In a surprise move, the central bank has acted months ahead of its scheduled meeting to tweak its exchange rate policy and ease the rise of the Singapore dollar.
The almost unprecedented step was prompted by plunging oil prices, which have quelled inflation and eased the need for a strong Singdollar to combat rising prices.
After the 8am announcement by the Monetary Authority of Singapore (MAS), the Singdollar slid as much as 1.1 per cent against the greenback yesterday.
Interest rates also started creeping up. The trend is expected to continue, and could see mortgage payments rise in the months to come, economists said.
MAS also dramatically cut its inflation forecasts for this year yesterday, on the back of plunging oil prices.
This was the first time since the dot.com bust in 2001 that MAS adjusted monetary policy outside of its regular meetings in April and October each year.
Economists said it was the first unscheduled move in recent memory outside of a crisis. Plunging oil prices provided the trigger, falling from US$85 a barrel in November to US$49 now.
MAS said it will maintain the modest appreciation of the Singdollar against a basket of other currencies, but seek to reduce the pace at which it strengthens.
MAS uses the exchange rate as its main tool to strike a balance between controlling inflation from overseas and laying the foundations for economic growth.
A stronger currency helps counter inflation as imports are cheaper in Singdollar terms. On the other hand, a weaker Singdollar helps exporters whose goods become less expensive in foreign markets.
Falling oil prices have made fighting inflation less of a priority as falling oil prices make other goods cheaper.
MAS now expects inflation to come in between negative 0.5 per cent and 0.5 per cent this year.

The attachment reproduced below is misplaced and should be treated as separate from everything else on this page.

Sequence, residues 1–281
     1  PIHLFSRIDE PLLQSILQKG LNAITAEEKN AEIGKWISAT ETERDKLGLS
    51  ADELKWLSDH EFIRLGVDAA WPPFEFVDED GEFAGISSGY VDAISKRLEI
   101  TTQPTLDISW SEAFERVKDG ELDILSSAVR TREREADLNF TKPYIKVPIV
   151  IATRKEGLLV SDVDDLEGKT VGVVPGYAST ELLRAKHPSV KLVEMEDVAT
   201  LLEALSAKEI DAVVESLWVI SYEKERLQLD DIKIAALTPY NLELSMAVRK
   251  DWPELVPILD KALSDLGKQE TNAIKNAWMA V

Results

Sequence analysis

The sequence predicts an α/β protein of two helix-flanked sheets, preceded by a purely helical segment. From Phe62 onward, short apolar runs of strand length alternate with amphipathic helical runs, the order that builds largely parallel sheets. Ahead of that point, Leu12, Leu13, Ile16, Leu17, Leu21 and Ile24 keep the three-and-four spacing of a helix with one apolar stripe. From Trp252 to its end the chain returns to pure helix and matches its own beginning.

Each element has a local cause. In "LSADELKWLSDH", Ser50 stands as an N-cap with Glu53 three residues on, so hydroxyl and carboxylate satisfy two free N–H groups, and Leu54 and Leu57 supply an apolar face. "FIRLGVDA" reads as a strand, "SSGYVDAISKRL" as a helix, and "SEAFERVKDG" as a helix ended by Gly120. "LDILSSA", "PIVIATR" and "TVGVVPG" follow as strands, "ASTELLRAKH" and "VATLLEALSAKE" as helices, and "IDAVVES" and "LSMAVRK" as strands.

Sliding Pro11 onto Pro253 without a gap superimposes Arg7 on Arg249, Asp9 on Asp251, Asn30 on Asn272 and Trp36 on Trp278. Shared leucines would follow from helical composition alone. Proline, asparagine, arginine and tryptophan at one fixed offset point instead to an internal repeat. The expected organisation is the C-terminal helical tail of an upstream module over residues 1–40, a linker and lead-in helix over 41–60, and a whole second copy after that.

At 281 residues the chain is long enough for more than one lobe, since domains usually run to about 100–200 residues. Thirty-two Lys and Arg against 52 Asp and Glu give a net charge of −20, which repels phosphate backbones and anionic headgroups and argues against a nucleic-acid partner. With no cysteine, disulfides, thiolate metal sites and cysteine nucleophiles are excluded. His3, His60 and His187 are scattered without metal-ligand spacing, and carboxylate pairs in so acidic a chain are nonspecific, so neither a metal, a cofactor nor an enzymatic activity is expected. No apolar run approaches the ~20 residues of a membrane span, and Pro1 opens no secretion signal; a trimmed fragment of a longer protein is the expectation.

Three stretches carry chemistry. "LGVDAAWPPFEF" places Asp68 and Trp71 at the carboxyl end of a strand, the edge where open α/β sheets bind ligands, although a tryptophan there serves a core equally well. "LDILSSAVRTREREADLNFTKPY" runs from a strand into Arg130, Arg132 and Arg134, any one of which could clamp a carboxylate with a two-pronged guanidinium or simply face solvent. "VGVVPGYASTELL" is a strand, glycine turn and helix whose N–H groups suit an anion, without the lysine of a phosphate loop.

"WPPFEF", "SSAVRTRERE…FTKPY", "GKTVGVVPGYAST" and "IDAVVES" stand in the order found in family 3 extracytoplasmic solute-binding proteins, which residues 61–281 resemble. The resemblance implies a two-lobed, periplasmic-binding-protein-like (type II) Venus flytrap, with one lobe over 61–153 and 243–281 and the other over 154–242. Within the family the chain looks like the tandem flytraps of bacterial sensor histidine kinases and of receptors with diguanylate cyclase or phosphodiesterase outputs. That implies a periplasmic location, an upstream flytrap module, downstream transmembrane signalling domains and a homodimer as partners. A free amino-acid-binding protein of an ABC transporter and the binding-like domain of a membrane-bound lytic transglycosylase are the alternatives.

This is down from earlier estimates of 0.5 per cent to 1.5 per cent, and is the first time the central bank has forecast the possibility of negative inflation, or deflation, since 2009.
MAS core inflation, which is seen as a better gauge of out-of- pocket expenses for households, is expected to come in between 0.5 per cent and 1.5 per cent this year, down from an earlier forecast range of 2 per cent to 3 per cent.
At its meeting last October, MAS maintained its policy of Singdollar appreciation. Since then, however, global oil prices have fallen even more sharply.
Barclays economist Leong Wai Ho said the move was a "big adjustment in inflation expectations and tiny adjustment in policy".
JP Morgan economist Benjamin Shatil said the growth outlook this year, while modest, "is clearly still some way from the recessionary environment of 2001", when MAS last implemented an unscheduled policy shift.
MAS has reaffirmed its forecast for the Singapore economy to grow 2 per cent to 4 per cent this year.
"The decision to move policy between meetings underscores the degree to which the central bank has been surprised (by lower inflation)," said Mr Shatil.
Economists also pointed out that had no action been taken till April, speculators could have started betting against the Singdollar, and it would have been costly to counter those bets.